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Lyle v. State

March 09, 1999

JAMES M. LYLE, IV APPELLANT
v.
STATE OF MISSISSIPPI APPELLEES



Before McMILLIN, P.j., Diaz, And King, JJ.

The opinion of the court was delivered by: Diaz, J.

DATE OF JUDGMENT: 06/09/1995

TRIAL JUDGE: HON. KOSTA N. VLAHOS

COURT FROM WHICH APPEALED: HARRISON COUNTY CIRCUIT COURT

NATURE OF THE CASE: CIVIL - POST CONVICTION RELIEF

TRIAL COURT DISPOSITION: PCR DISMISSED AS PROCEDURALLY BARRED

¶1. James M. Lyle, IV, appeals to this Court pro se the decision of the Circuit Court of Harrison County, Second Judicial District denying his motion for post conviction relief. The defendant asserts the following issues in this appeal: (1) that the circuit court was in error in dismissing his petitions for post conviction collateral relief as barred as successive writs, (2) that the circuit court erred in failing to grant him an evidentiary hearing on the issues asserted in his petitions for post conviction collateral relief and (3) that the issues asserted in his petitions for post conviction collateral relief fall under the Supreme Court's appellate review pursuant to the "plain error" doctrine, fundamental miscarriage of Justice and actual innocence standards. We find that the defendant has failed to prove all three of these claims. Therefore, we affirm the ruling of the circuit court.

FACTS

¶2. On March 19, 1993, James Matin Lyle, IV, was charged with the transfer of a controlled substance, less than one (1) ounce of marijuana on October 1, 1992, and again on October 2, 1992, in Harrison County, Mississippi to Gulfport Police Detective Mike Hall in violation of Miss.Code Ann. § 41-29-139 (Rev. 1993). Lyle entered pleas of guilty to the crimes of sale of marijuana. Lyle had previously been convicted of felonies, one involving possession of a controlled substance and the other involving embezzlement. The court sentenced Lyle to serve terms of six years and three years, consecutively, without parole.

¶3. The district attorney recommended and the court ordered that Lyle be sentenced only to three years on the second count, finding it to be proportionate to the crime. The court entered the order on October 4, 1993. Lyle filed a Motion to Vacate and Set Aside convictions on April 4, 1994. The circuit court treated the motion as an action for relief under the Post Conviction Relief Act. The court denied relief. Lyle filed two additional Motions for Post Conviction Collateral Relief on October 4, 1996. The court denied the Motions as being successive. The court entered another order on January 8, 1996 denying Lyle's relief and finding that he had again sought post-conviction collateral relief for convictions after the court had already ruled upon his original motion. Lyle filed a motion of appeal asserting that he wished to appeal the order entered January 8, 1997.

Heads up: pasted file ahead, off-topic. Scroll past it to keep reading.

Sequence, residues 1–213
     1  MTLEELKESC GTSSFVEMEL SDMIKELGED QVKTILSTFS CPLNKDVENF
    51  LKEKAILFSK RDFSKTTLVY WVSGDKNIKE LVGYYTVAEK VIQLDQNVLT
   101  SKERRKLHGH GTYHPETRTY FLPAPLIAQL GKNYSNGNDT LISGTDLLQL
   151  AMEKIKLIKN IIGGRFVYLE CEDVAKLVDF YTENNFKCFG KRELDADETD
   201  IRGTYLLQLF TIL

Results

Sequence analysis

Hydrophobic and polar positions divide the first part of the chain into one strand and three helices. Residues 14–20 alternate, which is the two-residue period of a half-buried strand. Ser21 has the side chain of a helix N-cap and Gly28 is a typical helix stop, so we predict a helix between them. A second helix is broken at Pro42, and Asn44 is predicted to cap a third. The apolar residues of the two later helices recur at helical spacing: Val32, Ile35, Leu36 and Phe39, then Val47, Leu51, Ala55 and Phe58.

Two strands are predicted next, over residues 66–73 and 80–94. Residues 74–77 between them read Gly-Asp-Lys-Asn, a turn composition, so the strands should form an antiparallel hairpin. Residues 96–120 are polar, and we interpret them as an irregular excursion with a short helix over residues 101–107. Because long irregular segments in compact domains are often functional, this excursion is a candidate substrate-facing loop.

DISCUSSION

¶4. Although the appellant's appeal from Pearl River County Circuit Court is difficult to understand, this Court follows the dictates of Myers v. State, 583 So.2d 174, 176 (Miss. 1991) by taking into account the fact that a prisoner proceeding pro se deserves credit for allegations that are not well plead and "that a prisoner's meritorious complaint may not be lost because [it is] inartfully drafted."

I. DID THE LOWER COURT ERR IN DISMISSING APPELLANT'S PETITIONS FOR POST CONVICTION COLLATERAL RELIEF AS BARRED AS SUCCESSIVE WRITS?

¶5. The defendant argues that his former appointed attorney tricked him into voluntarily dismissing his first appeal knowing that any new petitions would be dismissed as successive writs because Lyle and his family were unable to pay his attorney's fees. The defendant cites no legal authority in support of this assignment of error. The supreme court has repeatedly stated that it is the appellant's duty to provide authority in support of his claims of error. Drennan v. State, 695 So.2d 581, 585-86 (Miss. 1997). Nevertheless, a review of the merits of this issue shows this assignment of error is without merit. Lyle's petitions were successive, and Mississippi law does bar successive petitions. In Hodgin v. State, 710 So.2d 404 (Miss. 1998), the Mississippi Supreme Court found consideration of a successive application was barred under Miss.Code Ann. ยง 99-39-27(9) (Rev. 1994). The inmate contended that his ...


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